Mentions: Neither PSG nor sand fly saliva, alone or in combination, could affect the phagocytosis of L. mexicana metacyclic promastigotes into macrophages (Fig. S4A&B), or the biogenesis of the macrophage phagolysosome in vitro (Fig. S5A–L). Instead our results from air pouch macrophages (Fig. 3C&D) suggest that PSG may condition macrophages for enhanced parasite survival soon after sand fly delivery. Western blot revealed that PSG did not dampen classical activation in macrophages, as shown by unaltered levels of iNOS expression, instead, it enhanced the alternative activation of macrophages. This was shown by an increased arginase-1 and Ym-1 expression (Fig. 5A), and increased surface expression of CD206, the murine mannose receptor (Fig. S6) in IL-4 treated cells (AAMΦ). To examine this effect further, the activity of two key macrophage enzymes involved in Leishmania killing or Leishmania proliferation: iNOS and arginase were measured in response to PSG, saliva, PSG and saliva or deglycosylated PSG. We found that the arginase levels of L. mexicana-infected unstimulated, AAMΦ or CAMΦ in vitro significantly increased in the presence of PSG (Fig. 5B, P = 0.007–0.0003). The same effect was demonstrated for uninfected macrophages indicating that the PSG can enhance the alternatively activated state before infection (Fig. 5C, P = 0.045–0.003). By contrast, saliva from the vector Lu. longipalpis did not influence the arginase activity of macrophages under a range of activation states tested (unstimulated, CA, AA), or L. mexicana infection (Fig. 5B&C). Furthermore, no synergy between PSG and saliva was observed for arginase activity except for a mild additive effect in the CAMΦ (infected and uninfected) and in unstimulated, uninfected macrophages (Fig. 5B&C). Compared to the native PSG, deglycosylated PSG could not significantly increase arginase activities of macrophages under any of the activation stated tested in the presence or absence of infection (Fig. 5B&C). In CAMΦ, neither L. mexicana PSG nor Lu. longipalpis saliva, alone or in combination, in the presence or absence of infection could affect the activity of iNOS and the generation of the leishmanicidal metabolite NO (Fig. 5D). These results indicate that PSG can enhance the capacity of their host cells to support Leishmania infection by modulating their arginase activity.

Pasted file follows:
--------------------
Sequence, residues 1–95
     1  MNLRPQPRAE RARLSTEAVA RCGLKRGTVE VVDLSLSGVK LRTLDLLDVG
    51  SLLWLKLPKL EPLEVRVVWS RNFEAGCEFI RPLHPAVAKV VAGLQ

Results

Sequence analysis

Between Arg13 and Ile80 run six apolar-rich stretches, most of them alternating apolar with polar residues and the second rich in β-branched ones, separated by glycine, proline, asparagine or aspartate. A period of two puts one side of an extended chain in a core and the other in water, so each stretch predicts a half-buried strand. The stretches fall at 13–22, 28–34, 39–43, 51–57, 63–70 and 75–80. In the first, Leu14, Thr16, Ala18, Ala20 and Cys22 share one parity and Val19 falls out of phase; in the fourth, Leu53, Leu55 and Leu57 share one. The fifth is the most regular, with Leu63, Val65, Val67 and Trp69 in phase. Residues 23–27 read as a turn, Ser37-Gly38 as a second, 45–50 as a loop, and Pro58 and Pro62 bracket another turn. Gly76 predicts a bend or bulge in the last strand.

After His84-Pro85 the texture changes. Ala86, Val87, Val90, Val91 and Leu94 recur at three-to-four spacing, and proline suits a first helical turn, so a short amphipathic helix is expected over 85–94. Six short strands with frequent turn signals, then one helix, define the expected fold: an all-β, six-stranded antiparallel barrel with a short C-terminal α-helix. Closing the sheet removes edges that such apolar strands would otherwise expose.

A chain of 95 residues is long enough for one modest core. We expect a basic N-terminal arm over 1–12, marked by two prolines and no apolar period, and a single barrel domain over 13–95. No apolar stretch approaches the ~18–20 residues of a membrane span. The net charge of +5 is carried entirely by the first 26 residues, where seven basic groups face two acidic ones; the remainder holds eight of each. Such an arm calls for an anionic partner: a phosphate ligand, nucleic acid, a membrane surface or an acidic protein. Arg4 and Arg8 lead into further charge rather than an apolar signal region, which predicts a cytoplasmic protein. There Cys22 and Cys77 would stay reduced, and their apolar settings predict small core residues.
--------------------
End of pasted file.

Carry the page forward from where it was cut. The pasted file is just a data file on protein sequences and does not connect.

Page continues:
Bottom Line: This early exacerbation was attributed to two fundamental properties of PSG: Firstly, PSG powerfully recruited macrophages to the dermal site of infection within 24 hours.Secondly, PSG enhanced alternative activation and arginase activity of host macrophages, thereby increasing L-arginine catabolism and the synthesis of polyamines essential for intracellular parasite growth.The increase in arginase activity promoted the intracellular growth of L. mexicana within classically activated macrophages, and inhibition of macrophage arginase completely ablated the early exacerbatory properties of PSG in vitro and in vivo.